Has Indiana Earned a Crop Yield Redemption?

August 23, 2016 09:16 PM

There’s little argument that Indiana corn farmers have been in a bit of a slump. The Hoosier State saw corn yields clock in at 150 bu. per acre in 2015, with the three-year average slightly above that at 155 bu. per acre.

But is the state capable of higher yields in 2016?

Certainly Indiana has proved it can produce bin-busting corn crops in the past, and USDA has put its faith in a much bigger corn crop for 2016, providing an Aug. 1 estimate of 187 bu. per acre, a full 12 bushels higher than the agency’s record-breaking 175.1 bu. per acre nationwide projection.

Meantime, Pro Farmer Crop Tour scouts scoured the state over a two-day period, collecting 163 samples in the process. Did their findings also point to “yield redemption?”

Yes – and no. The Crop Tour has estimated 2016 Indiana corn yields at 173.42 bu. per acre – a significant improvement over 2015 and three-year average tallies, but still lagging well behind the USDA estimate.

Scouts noticed the Indiana corn crop varied a bit by region.

“Yesterday in Indiana, we had a bit of a hangover from Ohio [which Pro Farmer projected  at 148 bu. per acre the day before],” says Indiana farmer and Crop Tour scout Steve Fellure. “The closer we got to Indianapolis, the corn crop picked up. Today, after the first couple of stops, it all picked up even more and became more uniform. With the stalk size and big corn ears with less tip back, you could just tell we were getting into some better corn.”

Fellure’s scouting group picked multiple 200 bu. samples, but scouts in other regions – the northeast corner of the state in particular – found significantly lower yields. The law of averages prevailed, settling in at the ultimate 173 bu. per acre estimate.

Kyle Wendland, for example, saw more tepid yields to the north. Wendland is a multiyear Crop Tour scout who farms in Iowa and South Dakota.

“We had nine stops in north Indiana, up towards Fort Wayne, with an average yield of 152,” he says. “It was kind of rough and inconsistent.”

As for Indiana’s soybeans, DuPont Pioneer field agronomist Kelly Bassett warns, “Big beans do not always mean big yields.”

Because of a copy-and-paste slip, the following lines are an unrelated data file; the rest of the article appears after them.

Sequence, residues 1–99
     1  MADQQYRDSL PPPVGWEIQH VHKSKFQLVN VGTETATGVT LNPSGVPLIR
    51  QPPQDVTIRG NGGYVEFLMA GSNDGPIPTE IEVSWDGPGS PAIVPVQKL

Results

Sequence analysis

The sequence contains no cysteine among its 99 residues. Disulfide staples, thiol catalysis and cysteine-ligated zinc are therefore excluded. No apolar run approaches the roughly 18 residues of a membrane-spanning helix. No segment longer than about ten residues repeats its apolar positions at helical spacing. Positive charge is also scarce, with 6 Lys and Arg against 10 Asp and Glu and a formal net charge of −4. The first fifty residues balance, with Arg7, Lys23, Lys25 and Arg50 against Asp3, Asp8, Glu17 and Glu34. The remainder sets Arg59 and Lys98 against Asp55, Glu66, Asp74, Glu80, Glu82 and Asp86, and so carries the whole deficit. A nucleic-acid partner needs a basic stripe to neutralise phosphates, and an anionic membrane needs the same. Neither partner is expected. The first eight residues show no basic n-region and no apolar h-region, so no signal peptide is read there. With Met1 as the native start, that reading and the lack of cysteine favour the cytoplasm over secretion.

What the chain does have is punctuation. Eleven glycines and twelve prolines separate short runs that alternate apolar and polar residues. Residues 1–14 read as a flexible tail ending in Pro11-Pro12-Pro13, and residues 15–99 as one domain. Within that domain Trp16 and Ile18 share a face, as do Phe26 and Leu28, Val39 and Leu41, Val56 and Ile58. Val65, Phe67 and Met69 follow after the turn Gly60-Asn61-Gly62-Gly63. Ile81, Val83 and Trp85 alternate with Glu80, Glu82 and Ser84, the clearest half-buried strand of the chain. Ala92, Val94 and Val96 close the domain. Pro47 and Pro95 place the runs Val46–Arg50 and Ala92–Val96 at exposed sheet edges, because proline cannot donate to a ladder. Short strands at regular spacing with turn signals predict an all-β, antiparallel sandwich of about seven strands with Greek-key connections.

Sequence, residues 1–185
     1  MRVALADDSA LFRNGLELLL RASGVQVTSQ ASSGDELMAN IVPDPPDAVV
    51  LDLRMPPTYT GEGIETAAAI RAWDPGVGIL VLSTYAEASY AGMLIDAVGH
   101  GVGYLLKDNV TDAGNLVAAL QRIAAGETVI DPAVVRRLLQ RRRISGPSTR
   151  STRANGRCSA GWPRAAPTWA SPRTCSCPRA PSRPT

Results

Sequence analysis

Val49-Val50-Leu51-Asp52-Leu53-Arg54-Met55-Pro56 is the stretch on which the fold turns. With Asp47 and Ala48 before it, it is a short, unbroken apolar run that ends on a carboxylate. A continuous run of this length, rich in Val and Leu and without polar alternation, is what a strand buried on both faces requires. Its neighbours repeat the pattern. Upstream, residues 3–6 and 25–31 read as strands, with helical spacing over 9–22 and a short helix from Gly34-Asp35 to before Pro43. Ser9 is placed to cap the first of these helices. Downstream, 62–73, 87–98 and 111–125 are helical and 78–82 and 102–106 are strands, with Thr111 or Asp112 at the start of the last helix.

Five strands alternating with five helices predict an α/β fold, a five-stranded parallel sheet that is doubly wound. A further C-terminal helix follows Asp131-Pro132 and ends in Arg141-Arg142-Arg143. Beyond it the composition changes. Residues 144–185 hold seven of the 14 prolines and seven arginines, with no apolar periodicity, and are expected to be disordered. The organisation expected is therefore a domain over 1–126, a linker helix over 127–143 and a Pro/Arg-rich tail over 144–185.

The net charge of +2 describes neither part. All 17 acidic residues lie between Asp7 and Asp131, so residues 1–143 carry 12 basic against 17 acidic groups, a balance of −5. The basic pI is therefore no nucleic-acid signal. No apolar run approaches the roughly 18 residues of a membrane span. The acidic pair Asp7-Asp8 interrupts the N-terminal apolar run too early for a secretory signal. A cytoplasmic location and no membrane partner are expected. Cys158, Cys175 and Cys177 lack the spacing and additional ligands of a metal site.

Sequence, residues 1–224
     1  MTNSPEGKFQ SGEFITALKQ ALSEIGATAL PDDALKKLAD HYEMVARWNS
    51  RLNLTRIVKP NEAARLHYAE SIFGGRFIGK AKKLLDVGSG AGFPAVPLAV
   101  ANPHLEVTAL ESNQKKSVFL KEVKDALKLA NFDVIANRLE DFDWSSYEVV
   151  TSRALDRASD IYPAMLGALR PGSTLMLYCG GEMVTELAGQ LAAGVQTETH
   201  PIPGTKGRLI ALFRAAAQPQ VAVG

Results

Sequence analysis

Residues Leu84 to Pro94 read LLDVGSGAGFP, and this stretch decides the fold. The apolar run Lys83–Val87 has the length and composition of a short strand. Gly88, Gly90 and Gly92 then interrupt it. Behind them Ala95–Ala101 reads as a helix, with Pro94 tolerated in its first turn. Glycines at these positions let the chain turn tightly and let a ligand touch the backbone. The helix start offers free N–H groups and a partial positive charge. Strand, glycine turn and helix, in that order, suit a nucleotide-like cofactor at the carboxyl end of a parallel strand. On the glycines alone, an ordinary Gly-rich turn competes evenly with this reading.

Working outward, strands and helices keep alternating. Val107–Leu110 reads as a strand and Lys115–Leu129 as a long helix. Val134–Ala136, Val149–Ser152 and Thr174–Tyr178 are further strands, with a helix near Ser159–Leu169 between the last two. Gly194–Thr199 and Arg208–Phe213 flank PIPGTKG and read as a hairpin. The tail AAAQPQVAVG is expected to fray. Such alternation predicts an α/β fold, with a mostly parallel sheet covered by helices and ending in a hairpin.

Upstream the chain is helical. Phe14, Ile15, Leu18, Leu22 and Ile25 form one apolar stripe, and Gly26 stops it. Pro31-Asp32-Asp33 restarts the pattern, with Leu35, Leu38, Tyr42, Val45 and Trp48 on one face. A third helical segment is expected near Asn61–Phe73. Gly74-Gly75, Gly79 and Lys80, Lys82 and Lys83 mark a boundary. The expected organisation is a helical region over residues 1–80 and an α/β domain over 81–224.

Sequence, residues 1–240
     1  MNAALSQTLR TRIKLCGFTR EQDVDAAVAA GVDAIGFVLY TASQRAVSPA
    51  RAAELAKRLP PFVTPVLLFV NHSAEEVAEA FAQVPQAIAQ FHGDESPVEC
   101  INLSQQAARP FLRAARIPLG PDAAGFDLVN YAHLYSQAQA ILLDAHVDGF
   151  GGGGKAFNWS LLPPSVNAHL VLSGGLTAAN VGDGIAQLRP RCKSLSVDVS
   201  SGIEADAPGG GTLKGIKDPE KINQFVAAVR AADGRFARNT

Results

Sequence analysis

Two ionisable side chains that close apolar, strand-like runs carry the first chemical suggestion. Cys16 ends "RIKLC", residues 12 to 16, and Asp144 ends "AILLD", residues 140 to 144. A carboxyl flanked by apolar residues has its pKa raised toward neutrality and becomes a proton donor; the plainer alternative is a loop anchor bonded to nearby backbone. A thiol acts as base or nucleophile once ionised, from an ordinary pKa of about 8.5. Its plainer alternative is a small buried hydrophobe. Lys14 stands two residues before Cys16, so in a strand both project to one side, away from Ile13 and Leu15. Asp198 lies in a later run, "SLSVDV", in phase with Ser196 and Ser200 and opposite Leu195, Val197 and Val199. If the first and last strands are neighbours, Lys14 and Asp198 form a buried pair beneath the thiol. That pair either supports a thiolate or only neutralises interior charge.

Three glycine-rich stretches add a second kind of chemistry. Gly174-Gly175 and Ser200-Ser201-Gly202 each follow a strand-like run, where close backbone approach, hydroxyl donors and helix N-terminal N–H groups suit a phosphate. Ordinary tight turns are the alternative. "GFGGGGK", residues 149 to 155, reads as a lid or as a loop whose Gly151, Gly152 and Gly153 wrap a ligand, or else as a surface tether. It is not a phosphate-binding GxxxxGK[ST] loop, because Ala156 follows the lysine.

That was certainly anecdotally true, as multiple Crop Tour scouts reported finding chest-high or even shoulder-high soybean fields with plenty of vegetative growth – just not equally impressive pod counts to match.

Instead, scouts found pod count more in line with the state’s three-year averages. The Crop Tour measures yield potential by taking a comparative measure of pod counts within a 3ˈ x 3ˈ area. The 2016 results were 1,178.41 – higher than the three-year average of 1,166.34, but not significantly so.

“I saw pretty healthy beans,” Fellure says. “But all of the bean fields we saw in both Indiana and Illinois have substantially good moisture. What that means to me is they have a chance for a really strong finish.”

Can the Indiana corn and soybean crops finish strong and buck the recent trend of below-average yields? The state’s growers don’t have much longer to wait to find out.

For more information:

Be sure to follow AgWeb's coverage of Farm Journal Media's Pro Farmer Midwest Crop Tour. Watch reports from the field by following Farm Journal Media journalists along for the ride on Twitter: Alison Rice at @agweb_alison, Ben Potter at @potterben, Chip Flory at @ChipFlory, Brian Grete at @bgrete, and Betsy Jibben at @BetsyJibben. And check AgWeb each evening this week for the day's freshest summary on what they're seeing in the field.

Take your own field measurements and participate in Pro Farmer's Virtual Crop Tour.

Follow the Tour on Twitter with the hashtag #pftour16.

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